Too Many Pumpkins!

I spent Sunday afternoon with Gold Cohort, barbecuing delicious meats and carving pumpkins. Stephanie, our resident pumpkin-guru, was nice enough to go over the basics of carving.

Step 1: Cut a circle around the stem and remove the top
Step 2: Clean out the seeds and gunk; roast the seeds for later
Step 3: Draw a face on the pumpkin with a sharpie
Step 4: Carve the face with a serrated knife

Many of the international students were unfamiliar with American Halloween traditions. So we attempted to explain why American children like to carve scary faces on the side of a large orange squash.

A quick search on Wikipedia revealed that the jack-o’-lantern originated in old Ireland. Originally, children carved turnips and cabbage stems. However, when people immigrated to America, they discovered pumpkins were not only more abundant but also easier to carve. Thus began the tradition of the jack-o’-lantern.

The flickering flame inside the jack-o’-lantern supposedly resembles the strange lights found over peat bogs and cemeteries. In folklore, a man named Jack managed to trap the Devil in a tree and solicited a promise that his soul would never go to hell. However, Jack’s soul was too sinful to enter heaven. So when Jack died, his soul wandered the Earth, unable to find a resting place. The flame inside the jack-o’-lantern is Jack’s soul.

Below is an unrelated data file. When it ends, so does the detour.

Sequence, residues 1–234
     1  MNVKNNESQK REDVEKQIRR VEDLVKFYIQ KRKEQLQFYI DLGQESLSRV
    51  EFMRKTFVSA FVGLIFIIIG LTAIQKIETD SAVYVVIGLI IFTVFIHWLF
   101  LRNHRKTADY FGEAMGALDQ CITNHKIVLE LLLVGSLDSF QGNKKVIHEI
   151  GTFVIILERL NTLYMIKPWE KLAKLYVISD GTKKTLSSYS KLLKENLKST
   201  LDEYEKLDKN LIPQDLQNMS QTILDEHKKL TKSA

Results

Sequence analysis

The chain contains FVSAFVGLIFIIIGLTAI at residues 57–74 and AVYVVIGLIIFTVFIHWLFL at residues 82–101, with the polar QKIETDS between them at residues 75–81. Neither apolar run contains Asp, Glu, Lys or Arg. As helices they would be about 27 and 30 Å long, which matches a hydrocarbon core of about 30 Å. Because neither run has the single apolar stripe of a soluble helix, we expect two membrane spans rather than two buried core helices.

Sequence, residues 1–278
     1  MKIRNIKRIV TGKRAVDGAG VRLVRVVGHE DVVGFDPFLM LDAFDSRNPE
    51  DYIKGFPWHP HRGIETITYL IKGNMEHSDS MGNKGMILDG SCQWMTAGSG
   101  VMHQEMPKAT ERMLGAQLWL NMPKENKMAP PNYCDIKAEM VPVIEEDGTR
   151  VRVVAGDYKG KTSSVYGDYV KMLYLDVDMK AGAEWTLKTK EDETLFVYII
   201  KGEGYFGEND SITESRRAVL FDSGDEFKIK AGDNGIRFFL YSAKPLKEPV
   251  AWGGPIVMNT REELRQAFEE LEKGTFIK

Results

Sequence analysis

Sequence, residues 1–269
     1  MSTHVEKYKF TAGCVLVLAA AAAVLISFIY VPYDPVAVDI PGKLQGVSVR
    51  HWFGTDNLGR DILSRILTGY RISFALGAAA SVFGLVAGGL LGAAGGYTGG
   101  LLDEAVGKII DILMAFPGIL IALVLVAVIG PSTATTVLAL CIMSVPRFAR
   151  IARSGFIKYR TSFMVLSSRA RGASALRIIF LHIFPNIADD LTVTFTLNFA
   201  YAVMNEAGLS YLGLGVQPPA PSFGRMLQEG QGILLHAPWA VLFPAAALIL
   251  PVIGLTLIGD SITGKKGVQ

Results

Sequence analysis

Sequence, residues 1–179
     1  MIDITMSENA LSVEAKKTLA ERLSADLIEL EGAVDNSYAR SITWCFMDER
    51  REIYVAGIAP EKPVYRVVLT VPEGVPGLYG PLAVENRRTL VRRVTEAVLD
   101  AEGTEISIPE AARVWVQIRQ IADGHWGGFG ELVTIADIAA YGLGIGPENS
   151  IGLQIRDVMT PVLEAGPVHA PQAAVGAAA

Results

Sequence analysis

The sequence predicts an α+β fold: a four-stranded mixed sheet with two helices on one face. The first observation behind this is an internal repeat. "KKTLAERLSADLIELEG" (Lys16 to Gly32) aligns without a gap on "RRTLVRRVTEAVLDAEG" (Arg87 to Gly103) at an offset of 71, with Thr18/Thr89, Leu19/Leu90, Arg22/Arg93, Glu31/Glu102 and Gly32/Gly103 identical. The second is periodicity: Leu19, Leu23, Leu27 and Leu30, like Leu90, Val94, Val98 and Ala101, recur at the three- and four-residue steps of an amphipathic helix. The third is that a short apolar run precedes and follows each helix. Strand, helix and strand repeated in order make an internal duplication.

The rest of the night was a little hazy. We drank beer and ate roasted pumpkin seeds. A good time was had by all.

Fall-B is just beginning and the workload is sure to increase. Hopefully, people will have free time for more hangouts next weekend.


The bestest cohort, Gold, had a reunion on Friday for those members in the class of 2007. We descended upon the Japan Center, located in San Francisco’s Japan Town.

First stop was Juban Yakiniku for some Japanese-style Korean BBQ. What was supposed to be a group of 20-something, including significant others, became an overwhelming group that took over half the restaurant.

We took this opportunity to smile, laugh, and enjoy a terrific evening with our original cohort members. As always, Gold events are fantastic, and we had a wonderful time.

After a good two hours of Gold-spirited conversation, we paid the $1600 bill and moved upstairs to a karaoke bar. Sure that’s a lot of money, but the food was worth it! Deeeelicious! Then consider our group size, and the bill was much more reasonable, AND we got the MBAA to kick in some cash money for us. So that was nice. Anyway… karaoke.

The bar had been reserved for our private use and no sooner had we arrived than the first trio of singers was belting out a song.

With our song book in Japanese, I took a chance and ordered the #3 Japanese song of 1949. When my turn came, I grabbed the infamous Taku (fourth photo, in the Gold shirt) and we hit the stage.

Neither of us having heard the song, and with my complete non-fluency in Japanese, we gave it our best shot. Taku pulled out an awesome rendition of who knows what and I filled in the pauses by “translating” the song. And by translating, I mean sang a love ballad about Taku, using the woman on the karaoke video as inspiration. Taku stole the moment and had the place rolling out of their chairs. That guy is too funny, and we will all miss him dearly.